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This Tattoo Artist Retouched His Wife's Tattoo Of Their Trans Son To Reflect His True Identity

"I think it really reaffirmed, for him, that we believed him."

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Steve Peace, a Calgary, Canada-based tattoo artist, recently retouched the tattoos he gave his wife, Lindsay, over 10 years ago. Her ink includes three small portraits of their children: Elliot, Hamish, and Ace.

The portrait of their oldest son, Ace, who is a 15-year-old trans teen, needed considerably more retouching. Completed before Ace came out, the portrait wasn't an accurate representation of their son:

"A lot of trans people don't like pictures of themselves from their past," Steve told BuzzFeed News. "That's one that sort of walked around with us, as a family." The father of three added that when strangers asked about his wife's tattoos, it would create an uncomfortable situation to always have to explain the image of Ace, who is now 15 years old. Instead of having his wife undergo laser removal of the tattoo, Steve decided to simply update the portrait. On his Facebook page, Steve wrote, "We need to update the tattoo to fully represent who he is in his happy new awesome life."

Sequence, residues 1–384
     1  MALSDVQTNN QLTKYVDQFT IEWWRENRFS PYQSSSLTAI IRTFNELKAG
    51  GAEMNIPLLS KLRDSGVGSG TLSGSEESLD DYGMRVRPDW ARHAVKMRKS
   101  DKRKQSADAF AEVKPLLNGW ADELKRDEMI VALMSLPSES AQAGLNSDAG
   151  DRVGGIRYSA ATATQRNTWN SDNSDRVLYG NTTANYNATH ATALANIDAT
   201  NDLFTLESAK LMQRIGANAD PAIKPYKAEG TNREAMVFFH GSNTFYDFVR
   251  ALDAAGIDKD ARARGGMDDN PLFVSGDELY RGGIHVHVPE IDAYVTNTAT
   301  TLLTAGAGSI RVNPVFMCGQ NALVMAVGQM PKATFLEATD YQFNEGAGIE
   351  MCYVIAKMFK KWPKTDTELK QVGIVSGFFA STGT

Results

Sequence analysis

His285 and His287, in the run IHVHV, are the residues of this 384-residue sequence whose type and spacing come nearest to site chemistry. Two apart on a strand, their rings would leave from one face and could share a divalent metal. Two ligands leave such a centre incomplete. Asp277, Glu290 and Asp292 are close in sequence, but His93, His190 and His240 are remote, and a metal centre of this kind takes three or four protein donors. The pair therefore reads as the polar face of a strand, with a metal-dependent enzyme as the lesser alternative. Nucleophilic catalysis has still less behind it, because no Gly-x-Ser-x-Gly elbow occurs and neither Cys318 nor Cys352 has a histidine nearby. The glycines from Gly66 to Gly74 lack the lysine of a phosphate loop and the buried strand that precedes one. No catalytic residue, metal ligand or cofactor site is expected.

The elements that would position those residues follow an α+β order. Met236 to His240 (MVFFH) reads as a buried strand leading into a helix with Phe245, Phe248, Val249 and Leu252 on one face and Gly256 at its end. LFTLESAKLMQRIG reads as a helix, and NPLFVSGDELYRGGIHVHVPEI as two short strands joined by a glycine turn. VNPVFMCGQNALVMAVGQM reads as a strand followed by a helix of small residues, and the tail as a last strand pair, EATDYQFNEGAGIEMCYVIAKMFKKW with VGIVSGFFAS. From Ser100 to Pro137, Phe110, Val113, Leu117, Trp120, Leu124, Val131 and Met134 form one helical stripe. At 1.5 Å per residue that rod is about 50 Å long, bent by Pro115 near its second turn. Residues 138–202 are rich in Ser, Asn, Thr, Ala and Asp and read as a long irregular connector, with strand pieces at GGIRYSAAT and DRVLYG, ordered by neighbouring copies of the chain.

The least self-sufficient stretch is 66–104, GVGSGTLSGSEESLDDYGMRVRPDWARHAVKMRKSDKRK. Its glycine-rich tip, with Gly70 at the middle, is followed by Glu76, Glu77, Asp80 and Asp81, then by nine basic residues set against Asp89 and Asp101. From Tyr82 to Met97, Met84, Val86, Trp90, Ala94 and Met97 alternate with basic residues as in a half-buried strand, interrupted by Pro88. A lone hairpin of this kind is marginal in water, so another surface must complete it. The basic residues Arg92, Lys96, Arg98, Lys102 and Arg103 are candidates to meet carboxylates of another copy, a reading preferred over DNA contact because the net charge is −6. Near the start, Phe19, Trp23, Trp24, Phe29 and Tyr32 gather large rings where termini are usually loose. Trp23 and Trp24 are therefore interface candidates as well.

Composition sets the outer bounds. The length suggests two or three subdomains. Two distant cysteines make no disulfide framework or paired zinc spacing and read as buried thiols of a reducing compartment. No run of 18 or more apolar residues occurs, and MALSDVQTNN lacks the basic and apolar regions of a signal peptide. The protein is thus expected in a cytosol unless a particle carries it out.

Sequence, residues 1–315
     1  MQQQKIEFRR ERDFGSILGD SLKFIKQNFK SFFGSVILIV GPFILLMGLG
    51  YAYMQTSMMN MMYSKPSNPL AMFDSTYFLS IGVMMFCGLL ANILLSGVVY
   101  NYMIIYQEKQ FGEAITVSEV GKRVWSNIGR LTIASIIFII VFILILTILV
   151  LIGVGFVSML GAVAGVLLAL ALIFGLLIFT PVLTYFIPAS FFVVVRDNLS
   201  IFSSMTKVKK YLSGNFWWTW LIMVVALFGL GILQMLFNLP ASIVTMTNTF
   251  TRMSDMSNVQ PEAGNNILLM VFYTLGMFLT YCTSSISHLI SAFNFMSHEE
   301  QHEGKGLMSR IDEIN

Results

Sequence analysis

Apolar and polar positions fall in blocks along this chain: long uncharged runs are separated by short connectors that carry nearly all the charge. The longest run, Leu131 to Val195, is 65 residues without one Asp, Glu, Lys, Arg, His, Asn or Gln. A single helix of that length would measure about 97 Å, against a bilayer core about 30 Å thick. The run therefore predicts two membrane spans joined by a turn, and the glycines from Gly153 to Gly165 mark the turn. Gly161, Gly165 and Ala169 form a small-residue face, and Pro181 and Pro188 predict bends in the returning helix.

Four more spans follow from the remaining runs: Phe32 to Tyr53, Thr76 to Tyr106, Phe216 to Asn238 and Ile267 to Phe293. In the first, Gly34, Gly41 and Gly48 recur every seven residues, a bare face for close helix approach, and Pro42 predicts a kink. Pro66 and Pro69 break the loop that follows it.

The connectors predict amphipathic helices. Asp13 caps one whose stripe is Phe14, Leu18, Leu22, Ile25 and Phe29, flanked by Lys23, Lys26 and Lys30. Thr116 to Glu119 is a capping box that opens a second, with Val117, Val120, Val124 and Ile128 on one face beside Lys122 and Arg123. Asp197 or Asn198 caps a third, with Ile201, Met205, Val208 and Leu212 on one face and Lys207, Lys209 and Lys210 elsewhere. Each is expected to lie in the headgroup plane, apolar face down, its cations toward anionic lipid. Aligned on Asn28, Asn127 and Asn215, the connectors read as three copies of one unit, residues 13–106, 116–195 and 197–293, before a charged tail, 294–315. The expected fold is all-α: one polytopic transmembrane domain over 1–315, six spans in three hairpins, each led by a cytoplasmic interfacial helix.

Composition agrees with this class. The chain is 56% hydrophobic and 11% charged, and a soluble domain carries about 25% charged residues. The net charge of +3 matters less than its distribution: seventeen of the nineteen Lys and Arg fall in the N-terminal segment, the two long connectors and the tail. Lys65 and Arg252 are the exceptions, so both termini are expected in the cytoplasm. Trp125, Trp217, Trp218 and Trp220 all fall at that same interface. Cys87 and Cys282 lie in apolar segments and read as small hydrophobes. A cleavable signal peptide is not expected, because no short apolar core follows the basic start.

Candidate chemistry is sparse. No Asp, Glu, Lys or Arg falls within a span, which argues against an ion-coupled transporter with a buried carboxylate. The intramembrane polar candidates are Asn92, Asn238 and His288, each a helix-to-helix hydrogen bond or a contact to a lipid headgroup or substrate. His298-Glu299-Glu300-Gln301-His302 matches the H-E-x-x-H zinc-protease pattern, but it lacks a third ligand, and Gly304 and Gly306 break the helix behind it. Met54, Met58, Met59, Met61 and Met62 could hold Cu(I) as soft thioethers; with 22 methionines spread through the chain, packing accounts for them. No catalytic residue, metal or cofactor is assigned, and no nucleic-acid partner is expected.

Facebook: stevepeacetattoos

"A lot of trans people don't like pictures of themselves from their past," Steve told BuzzFeed News. "That's one that sort of walked around with us, as a family."

The father of three added that when strangers asked about his wife's tattoos, it would create an uncomfortable situation to always have to explain the image of Ace, who is now 15 years old.

Instead of having his wife undergo laser removal of the tattoo, Steve decided to simply update the portrait. On his Facebook page, Steve wrote, "We need to update the tattoo to fully represent who he is in his happy new awesome life."

In the retouching, Ace's pink dress was turned into a blue T-shirt and shorts. If you look closely, you can see the purple bow was transformed into a slingshot.

facebook.com

Steve and Lindsay surprised their son with the final transformation, which took only about one hour to draw up and complete.

"I think it really reaffirmed, for him, that we believed him," said Steve. "Parents often sit in the closet themselves. This was putting it out there."

Ace was thrilled with the final product, and told Global News, "It made me really happy, I didn't realize how much she believed me. It finally fits."

The tattoo shop where Steve works shared the special image on their Facebook page. The response has been overwhelmingly positive:

The icing on the cake for Steve? "My wife got to keep her tattoo."

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